The Right to be Heard Framework: A learning companion

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The Revised Edition of the Right to be Heard is about people claiming their right to a better life. This Learning Companion aims to guide work and strengthen focus in this area. The Right to Be Heard is a critical part of Oxfam's vision of a just world without poverty. Effective Right to be Heard work is necessarily complex and multi-dimensional. This Learning Companion aims to guide work and strengthen focus in this important area. It is designed to help the reader think through the complexity and make decisions about the combination of approaches to use to achieve their goals. It is aimed primarily at programme staff but will also be useful across humanitarian operations and campaigning.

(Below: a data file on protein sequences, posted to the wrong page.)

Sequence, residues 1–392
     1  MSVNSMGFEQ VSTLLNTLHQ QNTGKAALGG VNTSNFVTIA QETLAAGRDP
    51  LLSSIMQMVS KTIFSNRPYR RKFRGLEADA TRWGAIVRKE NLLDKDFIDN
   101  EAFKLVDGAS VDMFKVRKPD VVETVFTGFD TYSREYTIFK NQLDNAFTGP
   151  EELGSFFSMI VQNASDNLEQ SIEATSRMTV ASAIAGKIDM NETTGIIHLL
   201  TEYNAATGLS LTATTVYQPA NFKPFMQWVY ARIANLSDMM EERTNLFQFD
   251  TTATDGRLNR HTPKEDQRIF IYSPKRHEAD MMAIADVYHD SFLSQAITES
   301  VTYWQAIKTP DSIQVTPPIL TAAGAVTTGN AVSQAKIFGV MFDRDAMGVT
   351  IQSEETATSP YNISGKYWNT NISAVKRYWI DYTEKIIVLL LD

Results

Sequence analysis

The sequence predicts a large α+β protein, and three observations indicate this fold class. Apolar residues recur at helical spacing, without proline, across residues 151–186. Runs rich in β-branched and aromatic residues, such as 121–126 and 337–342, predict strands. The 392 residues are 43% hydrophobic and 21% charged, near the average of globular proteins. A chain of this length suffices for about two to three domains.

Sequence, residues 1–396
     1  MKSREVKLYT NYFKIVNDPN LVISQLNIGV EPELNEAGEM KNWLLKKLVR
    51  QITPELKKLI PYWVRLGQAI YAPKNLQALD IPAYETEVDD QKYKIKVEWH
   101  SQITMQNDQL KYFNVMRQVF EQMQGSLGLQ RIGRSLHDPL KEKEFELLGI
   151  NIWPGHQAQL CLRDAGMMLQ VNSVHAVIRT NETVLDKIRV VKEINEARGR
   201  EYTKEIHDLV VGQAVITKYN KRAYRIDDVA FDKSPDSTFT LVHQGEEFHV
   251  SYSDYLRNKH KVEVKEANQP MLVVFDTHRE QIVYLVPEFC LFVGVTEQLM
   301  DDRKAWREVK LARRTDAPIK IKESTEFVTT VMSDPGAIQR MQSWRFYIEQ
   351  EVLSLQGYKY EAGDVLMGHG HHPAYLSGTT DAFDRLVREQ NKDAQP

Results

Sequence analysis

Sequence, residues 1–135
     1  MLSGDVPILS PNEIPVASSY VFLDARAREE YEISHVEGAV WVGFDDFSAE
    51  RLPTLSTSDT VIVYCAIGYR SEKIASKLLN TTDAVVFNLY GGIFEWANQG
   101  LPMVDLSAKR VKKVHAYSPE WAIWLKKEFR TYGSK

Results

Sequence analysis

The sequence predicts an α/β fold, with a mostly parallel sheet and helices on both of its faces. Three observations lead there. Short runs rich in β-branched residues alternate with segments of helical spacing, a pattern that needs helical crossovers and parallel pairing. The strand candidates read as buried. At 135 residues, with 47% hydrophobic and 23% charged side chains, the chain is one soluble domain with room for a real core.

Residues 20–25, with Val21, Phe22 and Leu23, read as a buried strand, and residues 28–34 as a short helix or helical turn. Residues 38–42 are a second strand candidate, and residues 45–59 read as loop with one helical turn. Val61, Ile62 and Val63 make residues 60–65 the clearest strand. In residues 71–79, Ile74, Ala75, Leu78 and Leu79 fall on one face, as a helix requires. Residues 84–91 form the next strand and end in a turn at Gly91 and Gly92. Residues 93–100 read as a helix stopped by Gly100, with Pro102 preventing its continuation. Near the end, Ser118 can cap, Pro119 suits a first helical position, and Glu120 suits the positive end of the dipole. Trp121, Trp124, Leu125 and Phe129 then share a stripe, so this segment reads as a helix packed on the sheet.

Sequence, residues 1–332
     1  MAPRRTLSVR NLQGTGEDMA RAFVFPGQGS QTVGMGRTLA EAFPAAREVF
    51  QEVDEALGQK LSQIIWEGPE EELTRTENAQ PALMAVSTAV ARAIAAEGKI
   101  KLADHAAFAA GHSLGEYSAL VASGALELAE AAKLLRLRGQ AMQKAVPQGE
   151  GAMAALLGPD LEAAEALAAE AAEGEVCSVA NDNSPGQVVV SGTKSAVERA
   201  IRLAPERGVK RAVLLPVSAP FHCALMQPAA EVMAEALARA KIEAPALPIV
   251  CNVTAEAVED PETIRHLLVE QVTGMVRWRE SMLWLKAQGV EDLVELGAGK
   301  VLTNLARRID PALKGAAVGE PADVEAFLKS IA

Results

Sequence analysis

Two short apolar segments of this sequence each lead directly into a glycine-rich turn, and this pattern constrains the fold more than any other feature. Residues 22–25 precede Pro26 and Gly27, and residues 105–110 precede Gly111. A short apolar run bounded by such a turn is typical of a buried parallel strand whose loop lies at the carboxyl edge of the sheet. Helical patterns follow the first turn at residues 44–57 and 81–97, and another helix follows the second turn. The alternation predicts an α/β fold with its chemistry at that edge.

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  1   PROGRAMMING ON THE RIGHT TO BE HEARD  A learning companion  2 REVISED EDITION CONTENTS Contents ........................................................................................................ 2   Introduction to the Learning Companion .................................................... 3   The Right to Be Heard: A Glossary .............................................................. 4   1. Introduction to the Right to Be Heard ...................................................... 6   Why Oxfam works on the Right to Be Heard............................................... 6   Change Goal Objectives………………………………………………………...8 How the five approaches interact ................................................................ 9    A note on power and politics ....................................................................... 9   Our aim………………………… ................................................................. 10 Underpinning Oxfam’s work ...................................................................... 13   2. Analysing your programme context ...................................................... 15 Why is power analysis so important?.........................................................15 What is a power analysis?..........................................................................16 Enhancing your analysis………………………………………………………18 ã  Gender analysis………………………………………………………..18 ã  Context/situational analysis…………………………………………..18 ã  How politics and the economy intersect…………………………….19 Using your analysis 3. Approaches to Right to Be Heard Programming .................................. 28   Cross-cutting themes: Gender, Governance and Poor Women’s Rights ...................................... 30   Build and Protect Spaces and Alliances for Dialogue and Change ........... 39   Strategies and approaches 1. Organising civil society……………………………………………………43 2. Access to information and technology…………………………………..59 3. Public decision- and policy-making spaces…………………………….64 4. Access to justice…………………………………………………………...77 5. Global citizenship………………………………………………………….80 4. Strengthening Oxfam’s Ways of Working ............................................. 89 MEL through the Right to be Heard lens…………………………………………85 Promoting accountability and participation………………………………………89  Annex – Case study: the Indonesia LISTEN programme ....................... 102    3 INTRODUCTION TO THE LEARNING COMPANION Oxfam’s vision is a just world without poverty. We envisage a society in which people can influence decisions that affect their lives, enjoy their rights and assume their responsibilities as full citizens of a world in which all human beings are valued and treated equally. The Right to Be Heard is a critical part of this vision and underpins the development of all our programmes and our relationships with partners and allies. Effective Right to Be Heard work is necessarily complex and multi-dimensional, and requires action across different levels and domains, employ-ing a range of strategies. This Learning Companion aims to guide our work and strengthen our focus in this important area. It reflects the Oxfam Interna-tional change goal on the Right to Be Heard, and is designed to help you think through that complexity and make decisions about the combination of ap-proaches to use to achieve your goals. It is aimed primarily at programme staff, but will also be useful across all areas of Oxfam’s work, including hu-manitarian operations and campaigning. The Learning Companion is made up of four sections: Section 1 provides an introduction to the Right to Be Heard. Section 2 outlines the different types of analysis that can help you better un-derstand the context you are dealing with, and make choices about where to focus your work. Section 3 gives an overview of the different approaches to Right to Be Heard programming described in the OI Strategic Plan. It provides numerous tools and resources that you can use to support programme implementation. Section 4 looks at how we can strengthen our own ways of working to improve the effectiveness of our Right to Be Heard programmes. This includes Moni-toring, Evaluation and Learning (MEL), and some sample indicators for Right to Be Heard programmes. Each section includes case studies to illustrate key points and provides links to additional tools and resources. Offline users can find a full bibliography at the end of the document. The Companion is not a step-by-step instruction manual, but has been designed so that you can choose the level of information that you need, depending on your experience, context and stage of programming. It can be read as a whole, or you can move directly to the sections that interest you.  4 THE RIGHT TO BE HEARD: A GLOSSARY Right to Be Heard : ‘Poor and marginalised people can gain control over their own lives by exercising their right to political participation, freedom of expression and information, freedom of assembly and access to justice’. Oxfam International Strategic Plan, 2013-19 Governance : The ‘rules of the game’ that govern political, economic and social life plus ‘how the game is played’, i.e. who gets to engage in which aspects, and on what terms, including through formal and informal or traditional structures and processes. Participatory governance :    Approaches to governance that actively   include ordinary citizens and, particularly, marginalised and excluded groups in shaping what happens and how it happens through governance processes. Civil society : The range of non-government actors in a society, including faith-based organisations and trade unions, in addition to the more familiar NGOs and community-based organisations. Technically it should include the business sector, but is not often used in this way. Civil society organisations (CSOs) do not necessarily share objectives with Oxfam.  Accountability : The process through which an organisation balances the needs of stakeholders in its decision-making and activities, and delivers against this commitment. This can be upwards (towards donors) and downwards (towards beneficiaries). Accountability is based on four dimensions: transparency, participation, learning and evaluation, and feedback mechanisms that allow the organisation to give account to, take account of, and be held to account by stakeholders. Social accountability : An approach towards building accountability that relies on ordinary citizens and/or civil society organisations participating directly or indirectly in managing public resources and in exacting accountability from governments and institutions. Mechanisms include participatory budgeting, public expenditure tracking, citizen monitoring of public service delivery, citizen advisory boards, lobbying and advocacy campaigns. State capture : When a small number of powerful self-interested economic actors (or the military) is able to shape the rules of the game and laws, policies and regulations to its own advantage through illicit and non-transparent provision of private benefits to officials and politicians. This form of corruption is increasingly being recognised as the most damaging challenge in political and economic reform. Institutions : Any structure or mechanism of social order and co-operation governing the behaviour of a set of individuals within a given human community. The term ‘institution’ is commonly applied to customs and